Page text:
A superior celebrity docu that finds the Broadway legend contemplating retirement as well as her own mortality
“She’s still here … but not for much longer” is the subtext of “Elaine Stritch: Shoot Me,” a superior celebrity docu that finds the Broadway legend on the doorstep of her 87th birthday, contemplating retirement as well as her own mortality. Painting a surprisingly tender, insulin-injections-and-all portrait of a star known for her brassy demeanor and Teflon exterior, this feature directing debut for vet docu producer Chiemi Karasawa (“The Betrayal,” “Tell Them Anything You Want”) should earn wide fest and ancillary exposure, plus limited theatrical, where it will prove catnip to the cabaret crowd and those entranced by the artistry of great performers.
Karasawa starts with a montage of her subject brazenly negotiating street and sidewalk traffic on the Upper East Side, pausing to needle admirers with her Don Rickles-esque ripostes. Then on to the set of “30 Rock,” where she ably trades barbs with TV son Alec Baldwin (also one of the docu’s executive producers). From there, it’s back to the Carlyle Hotel, where Stritch lives and is rehearsing a new show —“Singin’ Sondheim … One Song at a Time” — with longtime musical director Rob Bowman. A great many films of this sort would have happily continued along in this breezy, not-very-deep vein. But “Shoot Me” suggests it has bolder ambitions when Stritch, mid-rehearsal, becomes weak and starts forgetting her lines. The lapse is blamed on low blood sugar, but as Karasawa goes on to reveal, Stritch’s memory has been failing her for a while, sometimes leaving her perched on the edge of panic before she has to take the stage.
This much won’t come as news to those who’ve seen Stritch perform in recent years, where, always the consummate show woman, she and Bowman have elegantly folded her gaffes into a production that has often seem propelled by sheer iron will. But as “Shoot Me” proceeds, Stritch allows herself to appear far more vulnerable and emotionally naked than she ever has in front of an audience. There are hospital stays (as her diabetes worsens), followed by more anxiety attacks, and one truly frightening episode — a medical emergency during a visit to the Hamptons — that plays like an outtake from “Amour.”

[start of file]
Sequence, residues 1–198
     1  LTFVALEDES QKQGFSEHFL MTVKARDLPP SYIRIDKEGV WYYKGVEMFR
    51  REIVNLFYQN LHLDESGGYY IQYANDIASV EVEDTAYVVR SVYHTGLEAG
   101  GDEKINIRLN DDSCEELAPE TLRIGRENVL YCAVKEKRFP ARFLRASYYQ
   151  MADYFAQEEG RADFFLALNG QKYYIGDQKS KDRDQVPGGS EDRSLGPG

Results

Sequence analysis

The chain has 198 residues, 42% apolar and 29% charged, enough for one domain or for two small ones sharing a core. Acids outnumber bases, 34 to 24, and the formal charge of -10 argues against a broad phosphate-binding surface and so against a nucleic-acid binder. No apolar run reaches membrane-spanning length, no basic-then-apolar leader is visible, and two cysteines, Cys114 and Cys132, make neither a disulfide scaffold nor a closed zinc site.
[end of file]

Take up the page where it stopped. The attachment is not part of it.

In between, Karasawa captures admiring testimonials from friends both inside (Tina Fey, James Gandolfini) and outside (a fellow AA member) showbiz. And there is much sharp-tongued reminiscing from Stritch herself, about dating JFK (she was too good of a Catholic girl to let him have his desired way), her alcoholism, the legends with whom she shared the stage, and her marriage to actor and playwright John Bay (cut short after 10 years by his death from a brain tumor). Yet it’s aging, gracefully but painfully, that turns out to be “Shoot Me’”s unassailable constant. “I like the courage of age,” Stritch says in one scene — and, even when she is at her weakest, her courage fills the room.
Karasawa deftly orchestrates the sometimes hairpin tonal shifts, never veering towards the saccharine; if she did, Stritch would probably shoot her. Late in the film, she follows Stritch to an engagement in the performer’s native Detroit, where she reconnects with her large extended family and begins to think about hanging up her signature oxford shirt and tights for good. Indeed, Stritch’s last act, like those that have come before it, isn’t going to happen on anyone else’s schedule. At the Tribeca screening reviewed, Karasawa and Bowman revealed that the movers had picked up the remainder of Stritch’s belongings that very morning, en route to Michigan. Quite literally, Elaine had left the building, but not before leaving this very fine cinematic testament behind.